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Purinergic Pharmacology

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Front. Pharmacol. | doi: 10.3389/fphar.2018.00110

Uncovering the signaling pathway behind extracellular guanine-induced activation of NO system: new perspectives in memory-related disorders

  • 1Department of Medical, Oral and Biotechnological Sciences, Università degli Studi "G. d'Annunzio" Chieti - Pescara, Italy
  • 2Aging Research Center, Ce.S.I., “G. d’Annunzio University Foundation, Chieti-Pescara, Italy
  • 3Department of Experimental Biomedicine and Clinical Neurosciences, University of Palermo, Italy
  • 4Department of Biological, Chemical and Pharmaceutical Sciences and Technologies (STEBICEF), University of Palermo, Italy
  • 5Department of Bio-Medical Sciences, University of Catania, Italy

Mounting evidence suggests that the guanine-based purines stand out as key player in cell metabolism and in several models of neurodegenerative disorders, such as Parkinson’s and Alzheimer’s diseases. Guanosine (GUO) and guanine (GUA) are extracellular signaling molecules derived from the breakdown of the correspondent nucleotide, GTP, and their intracellular and extracellular levels are regulated by the fine-tuned activity of two major enzymes, purine nucleoside phosphorylase (PNP) and guanine deaminase (GDA). Noteworthy, GUO and GUA, seem to play opposite roles in the modulation of cognitive functions, such as learning and memory. Indeed GUO, despite exerting neuroprotective, anti-apoptotic and neurotrophic effects, causes a decay of cognitive activities, whereas GUA administration in rats results in working memory improvement (prevented by L-NAME pre-treatment). This study was designed to investigate, in a model of SH-SY5Y neuroblastoma cell line, the signal transduction pathway activated by extracellular GUA. Altogether, our results showed that: i) in addition to an enhanced phosphorylation of ASK1, p38 and JNK, likely linked to a non-massive and transient ROS production, the PKB/NO/sGC/cGMP/PKG/ERK cascade seems to be the main signaling pathway elicited by extracellular GUA; ii) the activation of this pathway occurs in a pertussis-toxin sensitive manner, thus suggesting the involvement of a putative G protein coupled receptor; iii) the GUA-induced NO production, strongly reduced by cell pre-treatment with L-NAME, is negatively modulated by the EPAC-cAMP-CaMKII pathway, which causes the over-expression of GDA that, in turn, reduces the levels of GUA. These molecular mechanisms activated by GUA may be useful to support our previous observation showing that GUA improves learning and memory functions through the stimulation of NO signaling pathway, and underscore the therapeutic potential of oral administration of guanine for treating memory-related disorders.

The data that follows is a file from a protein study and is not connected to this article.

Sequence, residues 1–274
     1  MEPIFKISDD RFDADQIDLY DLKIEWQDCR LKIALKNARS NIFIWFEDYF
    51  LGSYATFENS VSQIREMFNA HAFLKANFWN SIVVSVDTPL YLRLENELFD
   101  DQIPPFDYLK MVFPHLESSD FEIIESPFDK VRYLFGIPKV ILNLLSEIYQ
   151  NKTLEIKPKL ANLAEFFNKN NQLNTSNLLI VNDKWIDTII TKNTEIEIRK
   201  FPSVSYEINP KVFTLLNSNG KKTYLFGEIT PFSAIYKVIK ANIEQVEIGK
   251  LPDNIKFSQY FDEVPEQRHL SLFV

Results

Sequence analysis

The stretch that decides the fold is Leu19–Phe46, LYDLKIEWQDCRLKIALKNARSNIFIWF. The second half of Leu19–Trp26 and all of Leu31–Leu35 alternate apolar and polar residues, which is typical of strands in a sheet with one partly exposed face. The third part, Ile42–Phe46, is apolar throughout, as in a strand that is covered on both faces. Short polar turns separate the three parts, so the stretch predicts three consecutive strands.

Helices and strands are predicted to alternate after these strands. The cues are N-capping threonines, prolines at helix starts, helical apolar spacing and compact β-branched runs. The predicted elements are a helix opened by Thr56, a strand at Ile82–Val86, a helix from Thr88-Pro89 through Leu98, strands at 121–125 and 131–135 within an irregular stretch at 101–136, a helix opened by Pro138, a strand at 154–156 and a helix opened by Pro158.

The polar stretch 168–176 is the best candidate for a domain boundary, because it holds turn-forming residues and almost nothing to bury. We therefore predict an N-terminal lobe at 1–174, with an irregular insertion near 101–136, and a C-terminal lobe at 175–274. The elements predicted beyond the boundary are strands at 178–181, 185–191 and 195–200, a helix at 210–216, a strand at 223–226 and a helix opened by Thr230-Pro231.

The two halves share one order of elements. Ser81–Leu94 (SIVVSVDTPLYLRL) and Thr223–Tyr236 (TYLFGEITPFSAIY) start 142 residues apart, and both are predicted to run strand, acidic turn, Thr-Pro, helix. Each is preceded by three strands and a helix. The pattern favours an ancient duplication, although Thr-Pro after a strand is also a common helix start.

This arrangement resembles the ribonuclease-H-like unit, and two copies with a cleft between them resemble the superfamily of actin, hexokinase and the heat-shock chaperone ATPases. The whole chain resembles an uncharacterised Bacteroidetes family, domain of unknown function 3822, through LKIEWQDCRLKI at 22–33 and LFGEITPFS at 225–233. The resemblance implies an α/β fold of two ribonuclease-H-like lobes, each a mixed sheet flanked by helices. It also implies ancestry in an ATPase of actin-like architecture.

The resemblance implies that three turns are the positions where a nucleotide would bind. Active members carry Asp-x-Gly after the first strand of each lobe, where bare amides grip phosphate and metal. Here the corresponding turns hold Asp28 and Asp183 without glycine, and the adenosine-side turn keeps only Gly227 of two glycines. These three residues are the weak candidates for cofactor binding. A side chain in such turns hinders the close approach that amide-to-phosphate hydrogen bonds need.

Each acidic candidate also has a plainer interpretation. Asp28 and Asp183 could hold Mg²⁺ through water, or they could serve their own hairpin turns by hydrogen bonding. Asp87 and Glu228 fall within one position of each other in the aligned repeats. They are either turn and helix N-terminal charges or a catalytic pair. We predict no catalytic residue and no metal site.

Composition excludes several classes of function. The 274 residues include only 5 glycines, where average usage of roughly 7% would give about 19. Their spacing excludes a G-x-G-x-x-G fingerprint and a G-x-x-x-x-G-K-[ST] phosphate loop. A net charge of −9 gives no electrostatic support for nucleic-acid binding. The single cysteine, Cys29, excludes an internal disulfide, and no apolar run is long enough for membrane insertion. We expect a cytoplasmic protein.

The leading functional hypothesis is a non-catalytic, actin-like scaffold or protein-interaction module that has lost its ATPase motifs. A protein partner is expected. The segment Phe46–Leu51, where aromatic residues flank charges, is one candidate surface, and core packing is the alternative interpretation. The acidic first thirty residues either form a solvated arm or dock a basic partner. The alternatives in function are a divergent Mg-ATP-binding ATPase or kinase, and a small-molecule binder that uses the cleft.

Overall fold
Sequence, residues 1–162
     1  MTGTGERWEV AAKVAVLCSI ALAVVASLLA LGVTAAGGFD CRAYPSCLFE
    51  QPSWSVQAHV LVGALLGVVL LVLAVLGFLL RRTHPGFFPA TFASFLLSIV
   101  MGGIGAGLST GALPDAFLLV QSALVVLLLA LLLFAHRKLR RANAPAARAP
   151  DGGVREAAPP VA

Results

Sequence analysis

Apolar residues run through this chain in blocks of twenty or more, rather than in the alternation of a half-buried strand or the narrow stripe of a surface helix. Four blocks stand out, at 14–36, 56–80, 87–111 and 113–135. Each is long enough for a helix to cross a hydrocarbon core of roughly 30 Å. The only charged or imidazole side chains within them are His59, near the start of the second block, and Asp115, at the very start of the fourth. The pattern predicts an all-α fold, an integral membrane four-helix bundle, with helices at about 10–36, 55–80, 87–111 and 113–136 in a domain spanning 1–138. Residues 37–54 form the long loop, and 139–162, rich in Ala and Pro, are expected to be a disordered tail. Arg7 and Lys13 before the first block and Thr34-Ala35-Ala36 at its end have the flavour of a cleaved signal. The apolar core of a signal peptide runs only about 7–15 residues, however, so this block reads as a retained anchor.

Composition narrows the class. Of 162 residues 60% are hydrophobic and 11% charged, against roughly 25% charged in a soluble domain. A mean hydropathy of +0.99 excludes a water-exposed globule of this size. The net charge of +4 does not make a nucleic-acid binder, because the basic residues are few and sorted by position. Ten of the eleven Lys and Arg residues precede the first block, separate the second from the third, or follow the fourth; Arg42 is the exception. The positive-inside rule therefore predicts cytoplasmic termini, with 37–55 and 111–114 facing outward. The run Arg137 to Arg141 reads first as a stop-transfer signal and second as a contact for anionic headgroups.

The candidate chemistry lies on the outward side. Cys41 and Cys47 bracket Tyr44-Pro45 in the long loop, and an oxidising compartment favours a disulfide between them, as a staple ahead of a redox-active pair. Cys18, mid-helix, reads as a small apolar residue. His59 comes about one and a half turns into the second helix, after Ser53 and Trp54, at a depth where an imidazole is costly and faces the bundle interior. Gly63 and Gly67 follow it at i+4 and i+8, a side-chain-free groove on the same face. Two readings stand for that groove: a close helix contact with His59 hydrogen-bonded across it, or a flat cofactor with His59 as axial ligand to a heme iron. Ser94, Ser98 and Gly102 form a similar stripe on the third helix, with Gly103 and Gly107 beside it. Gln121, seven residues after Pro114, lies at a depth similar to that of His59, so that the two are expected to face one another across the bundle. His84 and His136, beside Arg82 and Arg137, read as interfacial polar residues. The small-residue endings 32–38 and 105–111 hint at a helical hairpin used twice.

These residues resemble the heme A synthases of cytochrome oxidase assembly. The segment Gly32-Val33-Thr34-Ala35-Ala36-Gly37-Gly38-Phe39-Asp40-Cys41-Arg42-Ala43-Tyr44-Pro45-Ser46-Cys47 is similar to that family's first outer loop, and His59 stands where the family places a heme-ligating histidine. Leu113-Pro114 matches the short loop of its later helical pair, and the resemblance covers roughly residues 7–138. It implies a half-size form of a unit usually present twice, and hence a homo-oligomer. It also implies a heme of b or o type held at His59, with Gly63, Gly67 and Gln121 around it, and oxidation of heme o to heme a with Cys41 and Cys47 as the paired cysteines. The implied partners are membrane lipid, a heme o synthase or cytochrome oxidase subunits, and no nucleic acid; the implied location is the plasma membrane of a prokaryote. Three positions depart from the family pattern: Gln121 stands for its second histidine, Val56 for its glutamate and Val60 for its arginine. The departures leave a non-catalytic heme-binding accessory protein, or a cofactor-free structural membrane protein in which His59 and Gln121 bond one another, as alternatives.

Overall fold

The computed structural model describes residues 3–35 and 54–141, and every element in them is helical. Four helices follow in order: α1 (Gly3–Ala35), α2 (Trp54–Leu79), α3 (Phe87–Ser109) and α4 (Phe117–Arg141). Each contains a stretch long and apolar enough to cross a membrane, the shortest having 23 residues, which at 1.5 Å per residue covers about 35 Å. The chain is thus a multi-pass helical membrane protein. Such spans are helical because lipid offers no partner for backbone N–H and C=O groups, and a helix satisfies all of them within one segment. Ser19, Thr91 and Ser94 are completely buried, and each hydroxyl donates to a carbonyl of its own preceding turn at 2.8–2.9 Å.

Keywords: Guanine, L-NAME, Nitric Oxide, cGMP, ERK, SH-SY5Y cell line

Received: 15 Nov 2017; Accepted: 31 Jan 2018.

Edited by:

Kenneth A. Jacobson, National Institutes of Health (NIH), United States

Reviewed by:

Martina Schmidt, University of Groningen, Netherlands
FABIO TASCEDDA, Department of Life Sciences University of Modena, Italy  

Copyright: © 2018 Zuccarini, Giuliani, Frinchi, Mudò, Serio, Belluardo, Buccella, Carluccio, Condorelli, Caciagli, Ciccarelli and Di Iorio. This is an open-access article distributed under the terms of the Creative Commons Attribution License (CC BY). The use, distribution or reproduction in other forums is permitted, provided the original author(s) and the copyright owner are credited and that the original publication in this journal is cited, in accordance with accepted academic practice. No use, distribution or reproduction is permitted which does not comply with these terms.

* Correspondence:
PhD. Mariachiara Zuccarini, Università degli Studi "G. d'Annunzio" Chieti - Pescara, Department of Medical, Oral and Biotechnological Sciences, Via dei Vestini, 29, Chieti, 66100, Italy, mariachiara.zuccarini@unich.it
Prof. Francesco Caciagli, Università degli Studi "G. d'Annunzio" Chieti - Pescara, Department of Medical, Oral and Biotechnological Sciences, Via dei Vestini, 29, Chieti, 66100, Italy, francesco.caciagli@unich.it